With discussion of market crashes seemingly abundant over the past year – and much focus uniquely centering on algorithmic factors – Omega Advisors has a logical message of hope. No, the world isn’t perfect, they note in their July 22 letter to investors reviewed by ValueWalk. But looking at markets from a fundamental standpoint, the analysis of Leon Cooperman and Steven Einhorn didn’t see any of the five bear market checklist points present in today’s market environment. “If the U.S. equity bull market is to end soon, it will be among the oddest and strangest endings to a U.S. bull market in the post-war period,” the pair wrote in a letter first reported by Rachael Levy of Business Insider.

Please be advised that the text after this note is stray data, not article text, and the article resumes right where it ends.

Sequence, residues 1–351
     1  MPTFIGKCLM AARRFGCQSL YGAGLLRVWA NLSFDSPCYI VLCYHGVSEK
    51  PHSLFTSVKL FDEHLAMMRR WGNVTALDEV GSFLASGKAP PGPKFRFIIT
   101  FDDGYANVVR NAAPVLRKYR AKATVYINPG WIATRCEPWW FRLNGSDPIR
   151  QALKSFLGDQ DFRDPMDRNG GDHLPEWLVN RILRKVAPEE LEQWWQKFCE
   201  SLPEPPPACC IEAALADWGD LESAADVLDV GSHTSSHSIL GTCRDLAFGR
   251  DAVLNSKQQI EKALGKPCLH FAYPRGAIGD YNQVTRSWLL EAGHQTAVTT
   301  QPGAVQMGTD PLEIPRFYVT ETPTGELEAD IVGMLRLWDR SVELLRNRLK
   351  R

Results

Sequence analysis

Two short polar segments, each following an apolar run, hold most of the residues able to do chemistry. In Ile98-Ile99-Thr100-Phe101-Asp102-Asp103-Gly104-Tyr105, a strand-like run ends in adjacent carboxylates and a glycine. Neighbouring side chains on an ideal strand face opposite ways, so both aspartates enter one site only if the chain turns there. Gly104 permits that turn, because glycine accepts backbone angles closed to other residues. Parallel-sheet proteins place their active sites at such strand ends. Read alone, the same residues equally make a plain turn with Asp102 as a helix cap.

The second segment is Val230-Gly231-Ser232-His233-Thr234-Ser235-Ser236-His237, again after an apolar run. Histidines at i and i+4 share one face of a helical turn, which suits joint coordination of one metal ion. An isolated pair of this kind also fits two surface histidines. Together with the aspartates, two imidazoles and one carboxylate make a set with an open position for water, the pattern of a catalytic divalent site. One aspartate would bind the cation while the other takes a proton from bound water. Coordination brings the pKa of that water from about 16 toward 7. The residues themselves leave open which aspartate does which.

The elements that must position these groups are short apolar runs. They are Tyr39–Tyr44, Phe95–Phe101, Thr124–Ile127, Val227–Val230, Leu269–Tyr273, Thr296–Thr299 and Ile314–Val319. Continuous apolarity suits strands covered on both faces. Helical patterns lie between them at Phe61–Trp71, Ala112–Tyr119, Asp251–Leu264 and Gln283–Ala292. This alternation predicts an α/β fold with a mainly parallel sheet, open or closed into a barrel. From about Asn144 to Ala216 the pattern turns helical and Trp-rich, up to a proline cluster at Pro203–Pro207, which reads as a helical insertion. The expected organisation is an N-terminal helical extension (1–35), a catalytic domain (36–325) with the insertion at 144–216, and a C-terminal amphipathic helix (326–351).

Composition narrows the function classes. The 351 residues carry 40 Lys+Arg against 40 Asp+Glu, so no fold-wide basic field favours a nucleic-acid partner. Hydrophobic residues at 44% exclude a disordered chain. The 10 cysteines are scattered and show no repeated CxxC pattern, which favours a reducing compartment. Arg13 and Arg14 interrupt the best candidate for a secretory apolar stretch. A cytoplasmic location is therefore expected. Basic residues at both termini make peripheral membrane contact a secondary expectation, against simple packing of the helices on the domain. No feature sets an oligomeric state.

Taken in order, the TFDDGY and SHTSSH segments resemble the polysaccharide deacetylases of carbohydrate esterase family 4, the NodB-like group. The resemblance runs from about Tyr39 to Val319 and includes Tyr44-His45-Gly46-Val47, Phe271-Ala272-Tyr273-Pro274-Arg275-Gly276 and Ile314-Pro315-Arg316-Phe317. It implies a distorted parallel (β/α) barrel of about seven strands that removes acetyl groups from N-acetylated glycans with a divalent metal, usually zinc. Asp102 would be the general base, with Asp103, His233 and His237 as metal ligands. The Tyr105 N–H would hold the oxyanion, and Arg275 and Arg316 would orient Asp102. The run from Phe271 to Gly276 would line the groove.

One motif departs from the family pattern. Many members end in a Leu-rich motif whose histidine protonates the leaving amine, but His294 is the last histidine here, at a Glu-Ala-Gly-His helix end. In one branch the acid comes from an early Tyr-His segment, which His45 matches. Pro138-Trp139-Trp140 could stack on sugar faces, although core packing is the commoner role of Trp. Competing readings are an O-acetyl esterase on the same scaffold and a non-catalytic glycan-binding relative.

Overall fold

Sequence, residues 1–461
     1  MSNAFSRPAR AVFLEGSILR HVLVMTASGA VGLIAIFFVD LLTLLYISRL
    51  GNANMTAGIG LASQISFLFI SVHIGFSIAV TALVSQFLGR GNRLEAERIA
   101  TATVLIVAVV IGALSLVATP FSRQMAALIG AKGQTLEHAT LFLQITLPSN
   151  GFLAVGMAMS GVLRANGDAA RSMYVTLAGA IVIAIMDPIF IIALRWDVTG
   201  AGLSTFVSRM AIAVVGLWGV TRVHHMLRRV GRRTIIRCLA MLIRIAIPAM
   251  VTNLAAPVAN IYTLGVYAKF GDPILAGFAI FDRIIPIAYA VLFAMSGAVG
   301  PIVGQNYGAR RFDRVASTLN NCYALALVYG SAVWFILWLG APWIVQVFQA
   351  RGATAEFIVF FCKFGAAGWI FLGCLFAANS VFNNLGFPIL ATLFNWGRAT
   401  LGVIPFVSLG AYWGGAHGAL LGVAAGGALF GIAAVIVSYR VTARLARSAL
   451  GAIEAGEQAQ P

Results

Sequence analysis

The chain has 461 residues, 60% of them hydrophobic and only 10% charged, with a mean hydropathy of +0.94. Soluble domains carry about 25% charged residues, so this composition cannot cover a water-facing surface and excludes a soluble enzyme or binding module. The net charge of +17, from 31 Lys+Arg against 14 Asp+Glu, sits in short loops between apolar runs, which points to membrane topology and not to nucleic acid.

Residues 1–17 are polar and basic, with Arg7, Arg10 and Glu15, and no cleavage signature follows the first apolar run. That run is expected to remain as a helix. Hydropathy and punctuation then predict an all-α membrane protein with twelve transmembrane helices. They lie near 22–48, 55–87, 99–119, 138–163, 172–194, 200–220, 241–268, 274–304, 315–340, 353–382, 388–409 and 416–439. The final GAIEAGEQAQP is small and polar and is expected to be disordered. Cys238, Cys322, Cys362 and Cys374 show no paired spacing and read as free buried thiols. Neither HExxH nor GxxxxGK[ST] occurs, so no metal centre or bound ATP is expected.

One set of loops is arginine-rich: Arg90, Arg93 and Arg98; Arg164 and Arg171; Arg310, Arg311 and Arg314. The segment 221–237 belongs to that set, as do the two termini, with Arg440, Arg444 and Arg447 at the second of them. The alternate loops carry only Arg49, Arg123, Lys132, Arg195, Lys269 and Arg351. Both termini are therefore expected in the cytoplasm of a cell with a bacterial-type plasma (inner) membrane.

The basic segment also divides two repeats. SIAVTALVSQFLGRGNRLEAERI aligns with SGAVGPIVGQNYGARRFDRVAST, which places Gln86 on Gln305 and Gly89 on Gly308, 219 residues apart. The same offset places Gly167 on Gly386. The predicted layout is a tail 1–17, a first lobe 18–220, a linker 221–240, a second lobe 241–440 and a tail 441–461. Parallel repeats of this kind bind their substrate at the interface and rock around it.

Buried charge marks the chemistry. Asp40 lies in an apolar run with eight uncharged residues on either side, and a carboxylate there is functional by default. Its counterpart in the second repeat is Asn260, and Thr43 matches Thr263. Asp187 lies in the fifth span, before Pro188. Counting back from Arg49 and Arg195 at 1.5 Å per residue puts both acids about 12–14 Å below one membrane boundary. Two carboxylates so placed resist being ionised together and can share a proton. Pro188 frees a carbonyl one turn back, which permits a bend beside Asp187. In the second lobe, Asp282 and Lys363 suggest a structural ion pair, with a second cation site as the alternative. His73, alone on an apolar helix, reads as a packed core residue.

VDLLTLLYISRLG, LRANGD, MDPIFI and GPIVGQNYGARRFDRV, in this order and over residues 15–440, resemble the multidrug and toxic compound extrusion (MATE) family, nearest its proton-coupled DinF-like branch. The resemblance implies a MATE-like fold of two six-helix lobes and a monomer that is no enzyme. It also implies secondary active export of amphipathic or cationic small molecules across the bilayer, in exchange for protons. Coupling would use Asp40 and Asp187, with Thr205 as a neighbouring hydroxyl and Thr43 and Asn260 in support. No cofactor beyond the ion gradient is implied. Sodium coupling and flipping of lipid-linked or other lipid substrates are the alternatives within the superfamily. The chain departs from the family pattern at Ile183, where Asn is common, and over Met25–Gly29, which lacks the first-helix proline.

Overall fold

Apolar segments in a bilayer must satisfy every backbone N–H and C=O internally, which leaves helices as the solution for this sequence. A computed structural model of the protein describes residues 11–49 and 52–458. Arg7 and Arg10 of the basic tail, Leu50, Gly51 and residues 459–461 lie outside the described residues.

It is at this point in history fundamental economic market outlooks meet the new algorithmic market environment reality. If the markets do “end soon” without the Cooperman and Einhorn bear checklist occurring, will it benchmark the moment algorithmic / technical factors and not economic fundamentals overwhelmed free markets?
Cooperman and Einhorn base their positive stock market thesis on five traditional economic factors
There are five points that Cooperman and Einhorn look for to determine if a bear market is approaching. These are not factors pulled out of a hat, but rather a study of economic history and the thesis rooted in core economic logic. First the duo note: